How to fall in love with March Madness
Here's the thing about college sports: They suck you in with feelings instead of flash
I succumbed to madness Sunday.
The waiting might have been the worst part. My heart was pounding out of my chest. Breathing was hard. Speaking in coherent sentences was impossible. By the time Northwestern's name was called — half an hour and three other No. 8 seeds into CBS's Selection Sunday show — I had effectively lost all motor control.
It was just a few words from CBS broadcaster Greg Gumbel that sent me over the edge: "No. 8 seed, out of the West. There they are, the Northwestern Wildcats! Seventy-eight years in the making." I felt euphoric, and I couldn't stop shaking. I wondered whether I was having an out-of-body experience. (I'm still not certain I'm not.)
I'm normally a pragmatist — and one who grew up spoiled rotten on professional basketball. I love that the NBA gives its finalists seven tries to ensure the best team wins. I love the guilt-free indignation NBA fans have when multimillionaires complain about minor work obligations, because it's easy to demand more from people when they see more zeroes on a check than you could ever dream of. I love the NBA's clarity: two conferences, plain-as-day standings, and concrete postseason criteria.
But here's the thing about college sports: They suck you in with feelings instead of flash.
College athletes dedicate their time, energy, and bodies for nothing other than pure love of the game. There are no mind-boggling sums of money attached to college ball — even for the best players — and very, very few of these athletes will ever make the pros and stay long enough to cash in. At a school like Northwestern in particular, most players have at most four playing years to achieve their sports dreams before snapping back to reality after graduation and settling into professional life. (Northwestern hasn't sent a basketball player to the NBA since 1999.)
The NCAA men's basketball tournament — which pits 68 teams against one another in a single-elimination bracket — is the pinnacle of college sports. It's about unlikely heroes and unthinkable upsets and the unbridled joy of victory. It's about one shot changing everything. Single-elimination all the way to the top means the winner is the team that wants it more right now, not the one that can prove more effective for four games out of seven. There's a reason they call it March Madness.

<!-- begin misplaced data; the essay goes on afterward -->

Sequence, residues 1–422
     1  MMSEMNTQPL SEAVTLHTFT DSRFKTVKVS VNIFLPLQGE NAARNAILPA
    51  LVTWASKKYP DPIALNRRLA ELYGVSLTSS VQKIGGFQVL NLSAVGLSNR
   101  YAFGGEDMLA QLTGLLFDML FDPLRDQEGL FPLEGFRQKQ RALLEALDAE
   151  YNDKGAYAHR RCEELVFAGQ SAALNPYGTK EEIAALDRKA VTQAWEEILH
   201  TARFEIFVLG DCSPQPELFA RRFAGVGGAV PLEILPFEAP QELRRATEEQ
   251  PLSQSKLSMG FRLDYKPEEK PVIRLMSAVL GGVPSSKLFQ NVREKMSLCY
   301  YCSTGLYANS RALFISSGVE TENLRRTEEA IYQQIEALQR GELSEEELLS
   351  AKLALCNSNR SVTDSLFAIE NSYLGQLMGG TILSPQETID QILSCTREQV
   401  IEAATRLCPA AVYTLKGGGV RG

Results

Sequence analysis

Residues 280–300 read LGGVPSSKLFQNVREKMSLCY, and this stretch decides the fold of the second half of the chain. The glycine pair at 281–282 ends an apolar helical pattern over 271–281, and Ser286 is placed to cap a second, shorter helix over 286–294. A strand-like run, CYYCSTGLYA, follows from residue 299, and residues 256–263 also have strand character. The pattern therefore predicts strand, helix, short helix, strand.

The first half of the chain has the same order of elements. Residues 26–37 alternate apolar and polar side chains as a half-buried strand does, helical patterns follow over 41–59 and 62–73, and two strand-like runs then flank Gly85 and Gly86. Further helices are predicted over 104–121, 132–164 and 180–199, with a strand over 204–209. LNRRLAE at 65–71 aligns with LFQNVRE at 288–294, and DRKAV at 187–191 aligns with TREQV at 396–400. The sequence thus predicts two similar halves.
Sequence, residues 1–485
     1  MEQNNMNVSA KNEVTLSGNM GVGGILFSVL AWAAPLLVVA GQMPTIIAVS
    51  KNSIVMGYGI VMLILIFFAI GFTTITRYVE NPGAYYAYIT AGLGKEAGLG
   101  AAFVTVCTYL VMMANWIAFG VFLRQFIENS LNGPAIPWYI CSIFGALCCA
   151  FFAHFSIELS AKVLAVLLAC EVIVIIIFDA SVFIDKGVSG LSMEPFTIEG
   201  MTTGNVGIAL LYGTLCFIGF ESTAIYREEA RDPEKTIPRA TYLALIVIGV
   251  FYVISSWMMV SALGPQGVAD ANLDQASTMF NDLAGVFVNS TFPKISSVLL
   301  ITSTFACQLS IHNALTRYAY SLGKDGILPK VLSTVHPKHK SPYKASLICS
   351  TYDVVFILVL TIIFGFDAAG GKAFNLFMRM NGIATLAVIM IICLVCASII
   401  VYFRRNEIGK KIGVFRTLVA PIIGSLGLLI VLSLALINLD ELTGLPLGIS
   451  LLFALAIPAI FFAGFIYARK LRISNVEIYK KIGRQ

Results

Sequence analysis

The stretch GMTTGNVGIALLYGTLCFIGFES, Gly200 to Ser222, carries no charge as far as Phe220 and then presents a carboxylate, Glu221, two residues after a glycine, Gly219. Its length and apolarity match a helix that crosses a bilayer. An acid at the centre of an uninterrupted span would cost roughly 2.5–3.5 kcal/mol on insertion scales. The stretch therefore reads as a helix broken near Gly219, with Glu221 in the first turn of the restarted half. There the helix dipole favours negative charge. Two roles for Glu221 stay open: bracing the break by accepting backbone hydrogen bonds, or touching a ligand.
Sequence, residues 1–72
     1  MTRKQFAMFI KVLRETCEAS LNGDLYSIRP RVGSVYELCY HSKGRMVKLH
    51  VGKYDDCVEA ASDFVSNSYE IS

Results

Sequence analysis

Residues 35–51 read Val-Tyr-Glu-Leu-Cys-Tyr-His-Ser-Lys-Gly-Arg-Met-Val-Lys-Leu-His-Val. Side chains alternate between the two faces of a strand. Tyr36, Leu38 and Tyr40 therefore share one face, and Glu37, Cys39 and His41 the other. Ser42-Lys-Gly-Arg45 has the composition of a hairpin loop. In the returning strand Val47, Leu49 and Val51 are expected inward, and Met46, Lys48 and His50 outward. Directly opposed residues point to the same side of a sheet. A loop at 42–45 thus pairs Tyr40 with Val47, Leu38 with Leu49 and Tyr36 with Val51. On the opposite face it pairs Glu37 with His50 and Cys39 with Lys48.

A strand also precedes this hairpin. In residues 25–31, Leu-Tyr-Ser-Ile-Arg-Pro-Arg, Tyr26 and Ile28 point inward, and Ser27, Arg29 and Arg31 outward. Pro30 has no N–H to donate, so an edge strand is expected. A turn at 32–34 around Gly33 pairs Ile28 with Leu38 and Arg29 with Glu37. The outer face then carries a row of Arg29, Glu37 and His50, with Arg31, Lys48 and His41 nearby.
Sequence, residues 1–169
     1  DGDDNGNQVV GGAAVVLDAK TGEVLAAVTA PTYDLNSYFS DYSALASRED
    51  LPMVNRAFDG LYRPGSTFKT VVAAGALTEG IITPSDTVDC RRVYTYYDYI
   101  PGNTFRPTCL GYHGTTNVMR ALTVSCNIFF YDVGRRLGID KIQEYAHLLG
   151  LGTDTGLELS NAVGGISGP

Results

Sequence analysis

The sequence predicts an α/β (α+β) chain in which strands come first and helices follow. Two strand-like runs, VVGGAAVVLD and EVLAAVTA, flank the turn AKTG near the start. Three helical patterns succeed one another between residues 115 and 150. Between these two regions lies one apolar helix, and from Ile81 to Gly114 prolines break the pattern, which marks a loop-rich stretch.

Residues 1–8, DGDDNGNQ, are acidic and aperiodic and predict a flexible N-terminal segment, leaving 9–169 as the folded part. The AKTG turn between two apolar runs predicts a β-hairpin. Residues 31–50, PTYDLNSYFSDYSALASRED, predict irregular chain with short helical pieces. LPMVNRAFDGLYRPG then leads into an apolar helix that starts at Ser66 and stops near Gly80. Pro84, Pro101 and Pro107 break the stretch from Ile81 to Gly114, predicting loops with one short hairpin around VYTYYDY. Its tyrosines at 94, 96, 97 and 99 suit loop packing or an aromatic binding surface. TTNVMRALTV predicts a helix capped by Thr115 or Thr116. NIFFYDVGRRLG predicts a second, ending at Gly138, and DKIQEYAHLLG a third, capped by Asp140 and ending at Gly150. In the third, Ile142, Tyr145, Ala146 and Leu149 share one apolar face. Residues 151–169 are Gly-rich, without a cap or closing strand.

Despite hosting the first-ever NCAA tournament in 1939, Northwestern had never earned a bid to the Big Dance in 78 years. More telling than that, even, is just how far the Wildcats had been from the tournament: Since 1939, there have been 41 seasons in which Northwestern won fewer than 10 games.
This year, the Wildcats won a school-record 21 games in the regular season and posted a winning record in Big Ten play for the first time in almost 40 years. They beat then-No. 7 Wisconsin at the Kohl Center without junior guard Scottie Lindsey, their leading scorer. Against a streaking Michigan team, they executed The Play, easily the most significant sequence in Northwestern basketball history.
It's a Northwestern fan's nature to assume the worst, after years and years of heartbreak. But that's what makes this year so great, and it's why I've been wooed by the tournament I once scorned. As proud as I am to root for my hometown NBA team, geography bore me into that allegiance. I chose to go to Northwestern. I went to classes with team members, interviewed them at open practices, high-fived them on the court. I've fallen for our shared history.
But the heart is a fickle thing, and what won me over may not be what does it for you. Maybe it will be the office pool, and the prospect of bonding with coworkers and maybe winning a couple bucks at the end, that lures you into filling out a "why not" bracket — until suddenly your "why not" bracket is your personal constitution throughout early spring. Maybe you'll swoon over March Madness' passion, as players sprint across hardwood until their shoes squeak and their bodies ache and their coaches fall face-first on the floor after a game-winning shot. You might be taken with the tangible energy of the crowd, even through a TV screen, as thousands of fans pack neutral arenas clad in matching shirts and armed with common chants, cheers, and jeers. You might buy into the idea of community pride and be swayed by the urgency of the people around you every spring, even if you care little for basketball at all.
You might not even realize you're in so deep until it comes to net-cutting time, a tradition for the March Madness victors. Watching a series of people climb a ladder while holding a pair of scissors should, at most, only trigger some anxiety at the minor danger of it all. It shouldn't be anything remarkable. But when each triumphant team member comes away with an innocuous inch or two of twine and holds it in the air, maybe you'll shed a tear. Maybe you'll realize you're grinning like an idiot. But when your emotions spike over watching strangers successfully use scissors, you'll know you've found something special, and you won't want to let go.
Shakespeare once wrote, "Love is merely a madness." But when it comes to March, I think he was being a little dismissive. Love is not merely a madness; the madness is what makes you fall in love in the first place. The unreasonable levels of passion, the crushing uncertainty, the knowledge that one moment can change everything — that's the crux of college basketball.
Right after Northwestern's name was called Sunday night, I popped a bottle of champagne and let the moment wash over me. It's been a long road for my beloved Wildcats just to get near the ballroom. Let's dance.